Since I started travelling, I have begun to treasure the more unusual of Australian national traits, including our unique outlook on defeat. The fact that tens of thousands of young Australians travel to ANZAC Cove each year to commemorate months of slaughter ending in inevitable defeat is indicative of our appreciation for hard work, whether it ends in wealth or death.
Young Australians travel to the Gallipoli Peninsula in tour groups, spend almost 24 hours on the site visiting memorials, waiting for the Dawn Service and standing on the soil that birthed the Australian sense of country and identity. Yet we are people of life and spirit, who work hard and try to empathise with others, in a place of sorrow and death, created by incompetence and intolerance.
My first trip to ANZAC Cove was made in the company of the victors of those hideous killing fields - the Turks. A friend of mine with ties to the young people of the Turkish town of Gelibulu, after which the Gallipoli Peninsula is named, invited me along on a tour organised for Turkish university students that would take us around the Gallipoli memorial site. Like us, these young people were travelling to Gallipoli to commemorate an important moment in their country's history, both in relation to the war and to the post-war identity of the nation. Whilst they lost significantly more men to the Peninsula than the ANZACs, they do have a far more positive reason for celebration. The victorious General Ataturk of Gallipoli went on to become the founding father of their uniquely modern culture that straddles both east and west in an unusually harmonious meeting of politics and culture.
Since the tour was a Turkish one organised by boys who lived in Gelibulu, we spent the night before the Dawn Service in the town, eating in the restaurant on the beach, spending an hour cruising on the Bosporus on a troop carrier and partying in the nightclub to Turkish pop music. As the only two foreigners on the trip, Kim and I were much in demand as conversational partners and I was incredibly gratified to find myself in fascinating discourse with my fellow travellers, me in my only language, they in their second.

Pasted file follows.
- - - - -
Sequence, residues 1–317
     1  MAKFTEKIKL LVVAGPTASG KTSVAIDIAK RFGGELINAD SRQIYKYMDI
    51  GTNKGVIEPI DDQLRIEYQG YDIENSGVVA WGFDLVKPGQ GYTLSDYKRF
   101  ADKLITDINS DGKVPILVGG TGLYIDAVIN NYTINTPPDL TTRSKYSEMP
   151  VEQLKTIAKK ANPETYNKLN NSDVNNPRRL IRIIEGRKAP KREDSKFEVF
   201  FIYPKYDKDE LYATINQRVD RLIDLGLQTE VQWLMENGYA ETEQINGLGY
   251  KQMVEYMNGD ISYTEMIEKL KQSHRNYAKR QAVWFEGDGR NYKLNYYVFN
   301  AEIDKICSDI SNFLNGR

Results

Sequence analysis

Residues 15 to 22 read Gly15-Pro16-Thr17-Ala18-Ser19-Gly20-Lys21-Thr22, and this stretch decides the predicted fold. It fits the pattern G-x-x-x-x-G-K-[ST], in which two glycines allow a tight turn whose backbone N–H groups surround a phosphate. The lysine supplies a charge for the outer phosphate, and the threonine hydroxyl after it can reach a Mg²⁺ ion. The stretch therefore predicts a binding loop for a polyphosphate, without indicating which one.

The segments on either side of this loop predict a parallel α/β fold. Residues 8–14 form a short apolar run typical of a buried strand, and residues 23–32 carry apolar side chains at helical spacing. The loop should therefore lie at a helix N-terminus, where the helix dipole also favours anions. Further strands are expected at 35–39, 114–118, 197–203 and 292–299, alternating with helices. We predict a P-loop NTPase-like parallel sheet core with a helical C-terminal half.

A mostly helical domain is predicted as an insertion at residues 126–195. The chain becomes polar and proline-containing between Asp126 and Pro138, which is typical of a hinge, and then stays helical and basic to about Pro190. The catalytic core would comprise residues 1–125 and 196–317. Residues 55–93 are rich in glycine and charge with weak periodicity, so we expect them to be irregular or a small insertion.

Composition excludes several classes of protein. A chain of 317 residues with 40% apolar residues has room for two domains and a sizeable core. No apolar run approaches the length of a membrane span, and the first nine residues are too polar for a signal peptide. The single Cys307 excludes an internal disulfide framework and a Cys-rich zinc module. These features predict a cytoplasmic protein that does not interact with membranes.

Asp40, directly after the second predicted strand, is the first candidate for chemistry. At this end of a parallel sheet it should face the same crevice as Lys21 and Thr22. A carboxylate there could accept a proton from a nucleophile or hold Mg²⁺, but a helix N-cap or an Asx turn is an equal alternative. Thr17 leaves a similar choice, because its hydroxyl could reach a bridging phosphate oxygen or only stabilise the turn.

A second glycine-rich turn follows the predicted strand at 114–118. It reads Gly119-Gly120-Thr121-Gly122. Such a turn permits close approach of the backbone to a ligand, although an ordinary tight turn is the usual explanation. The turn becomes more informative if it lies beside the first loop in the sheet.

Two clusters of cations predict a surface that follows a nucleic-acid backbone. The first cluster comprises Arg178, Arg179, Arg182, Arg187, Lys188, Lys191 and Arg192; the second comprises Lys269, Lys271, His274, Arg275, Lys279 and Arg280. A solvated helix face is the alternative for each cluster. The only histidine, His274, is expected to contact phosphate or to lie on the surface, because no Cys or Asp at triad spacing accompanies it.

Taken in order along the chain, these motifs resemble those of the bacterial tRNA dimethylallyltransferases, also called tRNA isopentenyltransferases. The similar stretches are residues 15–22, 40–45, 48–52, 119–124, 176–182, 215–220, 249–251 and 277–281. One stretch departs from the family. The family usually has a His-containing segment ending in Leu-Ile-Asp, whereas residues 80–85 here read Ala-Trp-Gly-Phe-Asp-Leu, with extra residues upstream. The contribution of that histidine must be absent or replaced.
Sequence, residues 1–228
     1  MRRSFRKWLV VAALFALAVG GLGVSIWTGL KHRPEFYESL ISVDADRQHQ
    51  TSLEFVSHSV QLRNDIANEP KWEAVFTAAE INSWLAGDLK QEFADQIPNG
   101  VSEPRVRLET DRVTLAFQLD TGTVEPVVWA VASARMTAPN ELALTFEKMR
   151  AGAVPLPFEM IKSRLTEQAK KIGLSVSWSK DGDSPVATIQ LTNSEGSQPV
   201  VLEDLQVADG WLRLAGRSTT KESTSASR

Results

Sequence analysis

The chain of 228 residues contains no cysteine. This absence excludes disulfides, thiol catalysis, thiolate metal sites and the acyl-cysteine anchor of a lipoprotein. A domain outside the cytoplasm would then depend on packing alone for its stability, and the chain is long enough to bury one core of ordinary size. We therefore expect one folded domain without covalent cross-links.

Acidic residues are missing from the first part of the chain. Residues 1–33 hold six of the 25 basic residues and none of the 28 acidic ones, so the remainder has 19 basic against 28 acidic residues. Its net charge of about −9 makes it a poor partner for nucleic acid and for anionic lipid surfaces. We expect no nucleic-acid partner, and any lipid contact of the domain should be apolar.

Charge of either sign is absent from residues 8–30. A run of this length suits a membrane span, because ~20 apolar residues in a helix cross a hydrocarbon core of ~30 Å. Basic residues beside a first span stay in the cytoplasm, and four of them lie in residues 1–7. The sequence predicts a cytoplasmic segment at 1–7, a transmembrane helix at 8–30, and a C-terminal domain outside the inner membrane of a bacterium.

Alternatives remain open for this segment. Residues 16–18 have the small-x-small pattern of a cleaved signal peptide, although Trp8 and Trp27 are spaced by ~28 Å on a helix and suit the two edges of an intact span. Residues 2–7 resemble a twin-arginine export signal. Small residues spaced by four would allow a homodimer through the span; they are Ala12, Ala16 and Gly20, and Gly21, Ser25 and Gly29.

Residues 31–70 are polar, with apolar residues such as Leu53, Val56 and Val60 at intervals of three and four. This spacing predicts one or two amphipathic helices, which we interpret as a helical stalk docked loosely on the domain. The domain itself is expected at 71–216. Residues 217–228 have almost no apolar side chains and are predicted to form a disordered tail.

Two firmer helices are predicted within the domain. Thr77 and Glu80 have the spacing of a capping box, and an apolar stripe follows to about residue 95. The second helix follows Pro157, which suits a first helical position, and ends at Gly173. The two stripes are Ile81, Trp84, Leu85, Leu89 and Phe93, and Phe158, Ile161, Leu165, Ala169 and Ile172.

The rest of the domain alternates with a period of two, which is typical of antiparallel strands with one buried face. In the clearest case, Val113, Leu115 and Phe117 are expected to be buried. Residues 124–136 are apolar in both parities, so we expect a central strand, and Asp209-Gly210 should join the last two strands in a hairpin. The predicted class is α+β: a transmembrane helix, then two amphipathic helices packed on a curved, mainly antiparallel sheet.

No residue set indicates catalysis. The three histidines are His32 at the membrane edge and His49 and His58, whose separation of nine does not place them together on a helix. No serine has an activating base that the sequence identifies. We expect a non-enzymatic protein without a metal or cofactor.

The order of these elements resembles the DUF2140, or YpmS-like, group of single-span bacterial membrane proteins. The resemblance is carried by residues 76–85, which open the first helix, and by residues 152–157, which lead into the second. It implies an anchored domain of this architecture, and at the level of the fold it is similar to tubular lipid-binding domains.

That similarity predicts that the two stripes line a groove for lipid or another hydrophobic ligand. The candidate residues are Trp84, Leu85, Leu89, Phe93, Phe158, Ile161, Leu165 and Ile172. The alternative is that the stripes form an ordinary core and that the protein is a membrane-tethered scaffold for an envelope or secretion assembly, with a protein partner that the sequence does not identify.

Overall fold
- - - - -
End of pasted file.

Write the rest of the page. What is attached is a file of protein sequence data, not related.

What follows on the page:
We started out for ANZAC Cove at about 1 pm and I was slumped, exhausted, in my seat, watching the impenetrable dark from the softly lit coach and conducting a dreamy conversation with one of the more loquacious of the young Turkish philosophers. As we started out on the long walk to the Cove for the long hours of waiting for the Dawn Service, he told me that my grandfathers and his would be terribly proud that he and I were walking, hand in hand, in companionship and intellectual understanding, on the soil soaked in their blood.
I always manage to experience the emotional resonances of a historical site, but it was this young man's words, spoken in softly accented English in the hushed bush land of Gallipoli that brought home to me the incredible act that is the ANZAC Day celebrations on ANZAC Cove. Citizens from both sides of the conflict converge each year to celebrate the fact that while they may have slaughtered each other's young men mercilessly then, the fallen lie in the same soil now and their descendents sleep side by side in the early hours of the morning to wake with the sun and celebrate the end of conflict.
Gracious in their victory, the incredible hospitality and tolerance of the Turks assures us that we are more than welcome to stay - both to remember the loss of life in war and to enjoy the amazing country that was born out of the conflict. General Ataturk comforted those who mourned the ANZAC dead with true warmth and understanding -
Those heroes that shed their blood and lost their lives, you are now lying in the soil of a friendly country. Therefore rest in peace. There is no difference between the Johnnies and the Mehemets to us, where they lie side by side here in this country of ours. You, the mothers, who sent their sons from far away countries, wipe away your tears; your sons are now lying in our bosom and are at peace. After having lost their lives on this land they have become our sons as well.